A year after the successful Königsklasse exhibition of summer 2013, numerous outstanding works of contemporary art are again on show in the impressive, bare-brick rooms of the unfinished north wing of Herrenchiemsee Palace, which King Ludwig II of Bavaria had built in the late 19th century. Paintings, sculptures, and installations by Andy Warhol, John Chamberlain, Dan Flavin, Willem de Kooning, Cy Twombly, Georg Baselitz, Imi Knoebel, Arnulf Rainer, Wolfgang Laib, and Fabienne Verdier are on display for visitors to contemplate and explore well beyond the usual confines of the museum. Some of the works Wolfgang Laibs work in pollen and a series of paintings by French artist Fabienne Verdier, created using her uniquely calligraphic technique were specifically produced for this exceptional venue, while others originate either from the collections of the Pinakothek der Moderne
or Museum Brandhorst or have been selected in collaboration with the artists, their estates, or collectors.
The exhibition pulsates with a creative tension, the result of the lively and polyphonic dialogue between the contemporary artworks and the enduring, yet anachronistic sense of beauty of Ludwig II, who gave expression, in the 19th century, to his veneration of the absolutist 17th-century monarch, King Louis XIV, and the Versailles he had built. Like Ludwigs palace, the artworks themselves elude the clutches of time through their sheer audacity. Timeless contemplation, not function, is here the underlying intention of both. The historic site of Herrenchiemsee has been transformed into an alternative location for an unconventional encounter with art.
What drives art both its creation and its contemplation is the longing for a protected haven, a place that engenders an open experience, lived for arts sake alone. And for the duration of the current exhibition that place is Herrenchiemsee. This approach to displaying and viewing art deliberately stands in contrast to the educational thrust of exhibitions in the encyclopaedically planned museum or the overwhelming art expositions of biennials and similar events.
In an official statement, Klaus Schrenk, General Director of the Bayerische Staatsgemäldesammlungen, declared: Königsklasse is an alternative to the museum in the city and is presented on one of the most beautiful and due to the architectural interventions most impressive islands in the country. Thanks to invaluable private-sector funding, we are delighted to be able to extend the successful pilot project of last summer and are hoping to see the long-term realization of this meaningful project with the support of the Free State of Bavaria. This splendid rural setting, so popular with tourists, allows us to generate interest, among a new visitor demographic, in the art treasures of the Bayerische Staatsgemäldesammlungen and the important work that we do. The endeavour sees us forming new organizational partnerships and, due to the sites proximity to Salzburg, reaching a museum-going, international festival public beyond the confines of Munich.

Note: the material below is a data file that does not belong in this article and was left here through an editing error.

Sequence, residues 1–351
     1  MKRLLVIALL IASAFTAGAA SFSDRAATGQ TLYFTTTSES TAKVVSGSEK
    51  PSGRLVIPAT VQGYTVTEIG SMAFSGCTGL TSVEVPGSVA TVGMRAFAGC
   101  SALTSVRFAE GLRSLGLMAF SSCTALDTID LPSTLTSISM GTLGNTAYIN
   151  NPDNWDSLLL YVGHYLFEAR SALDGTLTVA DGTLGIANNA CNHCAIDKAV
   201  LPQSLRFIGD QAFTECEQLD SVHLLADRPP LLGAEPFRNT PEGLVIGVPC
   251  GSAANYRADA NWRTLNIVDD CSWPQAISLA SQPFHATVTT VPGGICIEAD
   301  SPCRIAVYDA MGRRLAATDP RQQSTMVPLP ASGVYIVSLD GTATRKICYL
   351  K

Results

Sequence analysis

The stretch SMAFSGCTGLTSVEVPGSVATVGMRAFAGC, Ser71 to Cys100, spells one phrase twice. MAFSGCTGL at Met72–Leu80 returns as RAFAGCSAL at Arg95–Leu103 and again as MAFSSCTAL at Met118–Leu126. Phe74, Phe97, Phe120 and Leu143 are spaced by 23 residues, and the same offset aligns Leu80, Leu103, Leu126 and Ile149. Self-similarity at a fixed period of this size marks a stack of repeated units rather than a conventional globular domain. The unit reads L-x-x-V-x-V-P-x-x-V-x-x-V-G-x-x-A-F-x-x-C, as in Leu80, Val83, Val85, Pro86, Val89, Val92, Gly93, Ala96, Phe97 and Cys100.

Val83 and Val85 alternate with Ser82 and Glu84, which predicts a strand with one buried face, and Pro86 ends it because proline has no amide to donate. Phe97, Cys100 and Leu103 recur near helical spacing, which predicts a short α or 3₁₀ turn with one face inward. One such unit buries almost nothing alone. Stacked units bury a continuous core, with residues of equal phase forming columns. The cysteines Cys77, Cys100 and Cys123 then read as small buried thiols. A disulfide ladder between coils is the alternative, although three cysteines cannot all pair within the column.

Bernd Schreiber, President of the Bavarian Department of State-Owned Palaces, Gardens, and Lakes, invites all visitors to partake in this unmissable art experience: Come and experience the idyllic setting of the island, now charged with this electrifying dialogue between the architecture and the art. The ambience of this exceptional exhibition venue can be felt in every one of the bare-brick rooms in the New Palaces north wing. There is certainly no more stunning place in which to display world-class works of art in the whole of Bavaria. What makes this experience unique is the island location, the stunning views glimpsed through every window, the enduring presence of Ludwig II, and the exposed brick walls, which brilliantly compliment the modern works on show.
Corinna Thierolf, initiator of the Königsklasse project, stated: The enormous resonance among the general public, appreciative of this opportunity to see such high-calibre art at Herrenchiemsee, is attested by the visitor numbers, with some 160,000 visitors counted last year alone. Our visitor books from 2013 contain comments from visitors from Asia, the US, and the Arabian Peninsula, as well as from the local region and Europe, and all of them encourage us to continue with what we have achieved so far. It is now clear to all those involved that Herreninsel has the potential to be an arena of international spirit of community and communication, of the kind only available in major cities. As such, it is crying out to be used.
The Königsklasse exhibition was produced in close collaboration with the Bavarian Department of State-Owned Palaces, Gardens, and Lakes.